Last Updated Apr 21, 2010 8:00 AM EDT
I do, however, see your dilemma. You don't want your resume getting trashed because they assume you would require huge immigration and international relocation costs. It costs a heck of a lot of money for a company to hire a person who will need immigration support. You want to make sure that they understand that you are a US citizen (or are already legal to work in the US), and, therefore, will not cost them money that they don't have. (Now, it's illegal to discriminate on the basis of national origin, but it's not illegal to discriminate against people who aren't legal to work in the US.)
Now, if and when you are filling out a formal application, they will have a box to check that asks if you are currently authorized to work in the United States. But, many companies don't give you the application until you've passed the resume and phone screens.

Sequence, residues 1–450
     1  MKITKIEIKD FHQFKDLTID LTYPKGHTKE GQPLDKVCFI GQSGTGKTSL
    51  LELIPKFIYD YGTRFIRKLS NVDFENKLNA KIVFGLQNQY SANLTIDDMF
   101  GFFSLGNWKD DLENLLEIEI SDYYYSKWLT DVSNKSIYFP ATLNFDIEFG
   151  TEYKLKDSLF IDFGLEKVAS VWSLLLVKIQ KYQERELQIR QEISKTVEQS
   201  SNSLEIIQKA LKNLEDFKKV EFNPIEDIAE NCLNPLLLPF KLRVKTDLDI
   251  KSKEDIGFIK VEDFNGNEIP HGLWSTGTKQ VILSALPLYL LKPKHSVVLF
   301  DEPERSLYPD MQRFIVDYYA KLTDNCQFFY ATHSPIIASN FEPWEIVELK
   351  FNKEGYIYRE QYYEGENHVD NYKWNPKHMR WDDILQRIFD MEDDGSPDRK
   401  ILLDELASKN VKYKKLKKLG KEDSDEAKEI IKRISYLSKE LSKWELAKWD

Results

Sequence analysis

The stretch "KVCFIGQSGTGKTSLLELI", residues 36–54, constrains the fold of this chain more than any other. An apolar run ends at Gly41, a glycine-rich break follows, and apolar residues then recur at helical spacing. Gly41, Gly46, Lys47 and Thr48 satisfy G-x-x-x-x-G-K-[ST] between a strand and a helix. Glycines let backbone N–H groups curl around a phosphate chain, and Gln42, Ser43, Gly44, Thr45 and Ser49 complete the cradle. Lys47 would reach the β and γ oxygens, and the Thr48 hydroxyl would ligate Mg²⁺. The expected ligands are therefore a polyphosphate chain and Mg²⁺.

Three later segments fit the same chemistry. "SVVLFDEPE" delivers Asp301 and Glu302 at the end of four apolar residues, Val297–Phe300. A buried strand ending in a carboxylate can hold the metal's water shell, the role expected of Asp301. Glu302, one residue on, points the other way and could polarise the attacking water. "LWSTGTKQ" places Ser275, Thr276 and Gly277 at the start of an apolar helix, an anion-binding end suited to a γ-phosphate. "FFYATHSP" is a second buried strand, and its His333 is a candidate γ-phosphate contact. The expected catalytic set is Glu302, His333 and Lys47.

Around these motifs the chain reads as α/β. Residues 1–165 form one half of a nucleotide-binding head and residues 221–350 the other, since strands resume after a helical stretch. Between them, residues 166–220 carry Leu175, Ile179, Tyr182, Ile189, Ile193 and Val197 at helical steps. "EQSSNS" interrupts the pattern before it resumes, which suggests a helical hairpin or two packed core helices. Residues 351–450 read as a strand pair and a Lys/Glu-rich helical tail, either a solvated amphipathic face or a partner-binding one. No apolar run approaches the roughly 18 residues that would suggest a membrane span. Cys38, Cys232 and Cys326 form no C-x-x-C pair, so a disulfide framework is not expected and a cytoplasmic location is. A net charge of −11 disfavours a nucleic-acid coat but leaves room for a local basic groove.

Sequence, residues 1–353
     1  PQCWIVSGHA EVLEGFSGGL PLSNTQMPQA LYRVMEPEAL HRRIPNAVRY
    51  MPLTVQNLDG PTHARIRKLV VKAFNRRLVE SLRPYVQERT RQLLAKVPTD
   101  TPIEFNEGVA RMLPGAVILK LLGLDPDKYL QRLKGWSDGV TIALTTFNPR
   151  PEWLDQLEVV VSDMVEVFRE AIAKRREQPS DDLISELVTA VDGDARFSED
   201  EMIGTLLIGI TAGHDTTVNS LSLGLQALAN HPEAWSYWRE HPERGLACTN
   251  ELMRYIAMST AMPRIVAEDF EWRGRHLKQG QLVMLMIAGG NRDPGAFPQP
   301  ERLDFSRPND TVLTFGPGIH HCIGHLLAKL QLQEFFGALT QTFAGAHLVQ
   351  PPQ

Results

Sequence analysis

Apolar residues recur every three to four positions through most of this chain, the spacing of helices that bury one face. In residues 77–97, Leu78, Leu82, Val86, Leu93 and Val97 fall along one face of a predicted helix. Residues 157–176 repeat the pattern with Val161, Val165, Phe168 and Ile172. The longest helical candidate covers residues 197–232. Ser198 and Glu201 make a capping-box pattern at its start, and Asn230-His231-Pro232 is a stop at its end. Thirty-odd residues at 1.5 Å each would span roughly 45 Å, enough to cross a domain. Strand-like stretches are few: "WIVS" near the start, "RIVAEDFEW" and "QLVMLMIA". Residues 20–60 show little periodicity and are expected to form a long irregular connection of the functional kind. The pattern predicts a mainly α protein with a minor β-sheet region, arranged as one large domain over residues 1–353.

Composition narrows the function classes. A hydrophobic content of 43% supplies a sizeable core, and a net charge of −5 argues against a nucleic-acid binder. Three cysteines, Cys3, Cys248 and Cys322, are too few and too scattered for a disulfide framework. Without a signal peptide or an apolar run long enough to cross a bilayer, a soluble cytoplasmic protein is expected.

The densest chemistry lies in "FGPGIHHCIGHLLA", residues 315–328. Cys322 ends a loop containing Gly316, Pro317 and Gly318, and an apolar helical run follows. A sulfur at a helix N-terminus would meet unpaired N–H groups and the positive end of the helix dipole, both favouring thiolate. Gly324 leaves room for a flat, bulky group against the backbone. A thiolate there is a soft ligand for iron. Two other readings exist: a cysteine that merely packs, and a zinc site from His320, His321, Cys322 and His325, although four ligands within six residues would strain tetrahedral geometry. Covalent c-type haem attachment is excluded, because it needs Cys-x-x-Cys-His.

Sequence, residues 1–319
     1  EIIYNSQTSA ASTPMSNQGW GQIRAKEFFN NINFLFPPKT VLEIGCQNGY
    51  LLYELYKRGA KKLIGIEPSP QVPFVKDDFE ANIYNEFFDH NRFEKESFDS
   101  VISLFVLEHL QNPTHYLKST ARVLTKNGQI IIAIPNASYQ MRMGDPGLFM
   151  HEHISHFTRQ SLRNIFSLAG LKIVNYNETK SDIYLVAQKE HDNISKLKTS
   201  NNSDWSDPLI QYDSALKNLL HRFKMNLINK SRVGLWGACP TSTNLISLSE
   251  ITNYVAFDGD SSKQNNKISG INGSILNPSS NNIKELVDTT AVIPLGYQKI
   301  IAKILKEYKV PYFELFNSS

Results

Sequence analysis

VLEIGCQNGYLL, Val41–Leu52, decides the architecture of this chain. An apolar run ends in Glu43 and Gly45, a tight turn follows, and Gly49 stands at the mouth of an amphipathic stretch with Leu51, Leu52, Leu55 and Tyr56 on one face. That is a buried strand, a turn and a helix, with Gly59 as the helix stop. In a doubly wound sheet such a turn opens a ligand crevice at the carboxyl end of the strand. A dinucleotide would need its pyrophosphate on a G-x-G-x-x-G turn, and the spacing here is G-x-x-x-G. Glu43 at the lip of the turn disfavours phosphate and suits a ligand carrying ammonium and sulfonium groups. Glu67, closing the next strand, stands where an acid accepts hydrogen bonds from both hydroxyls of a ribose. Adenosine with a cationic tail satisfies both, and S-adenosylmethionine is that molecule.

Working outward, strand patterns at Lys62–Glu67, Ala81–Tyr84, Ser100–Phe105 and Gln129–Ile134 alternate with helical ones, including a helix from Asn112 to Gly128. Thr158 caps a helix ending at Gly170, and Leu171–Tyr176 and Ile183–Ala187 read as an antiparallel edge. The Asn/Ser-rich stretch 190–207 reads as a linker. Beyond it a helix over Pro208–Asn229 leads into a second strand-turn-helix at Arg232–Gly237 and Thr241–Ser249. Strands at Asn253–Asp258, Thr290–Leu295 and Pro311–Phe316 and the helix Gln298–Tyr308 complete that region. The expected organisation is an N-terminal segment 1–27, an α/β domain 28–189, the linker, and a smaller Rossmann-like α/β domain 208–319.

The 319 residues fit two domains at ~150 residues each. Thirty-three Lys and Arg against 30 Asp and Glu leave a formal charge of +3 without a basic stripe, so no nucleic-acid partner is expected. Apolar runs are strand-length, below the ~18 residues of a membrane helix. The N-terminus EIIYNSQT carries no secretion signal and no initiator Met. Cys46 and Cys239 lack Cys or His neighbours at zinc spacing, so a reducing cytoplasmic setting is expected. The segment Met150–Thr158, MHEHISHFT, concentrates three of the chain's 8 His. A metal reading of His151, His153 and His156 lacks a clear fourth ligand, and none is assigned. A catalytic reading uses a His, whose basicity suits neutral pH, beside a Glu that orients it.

So, here are two possible work arounds:
Give your current address as well as a US address. As a student, it's perfectly acceptable to put down your parents' address as a "home address." This will tell the recruiter that you are from the US without broadcasting, "Hey, I'm a US citizen, so hire me!"
Use your cover letter to explain. Cover letters include things that are not on your resume. This could easily include information such as, "After spending 4 years in London, I am looking forward to moving back to the United States." Or, "I am planning a move back to the United States in June, and will not require relocation assistance."
This way, it's clear to recruiters and hiring managers that the United States is your home and it won't cost them a fortune to hire you. Plus, you won't have the need to put your citizenship information on your resume directly.
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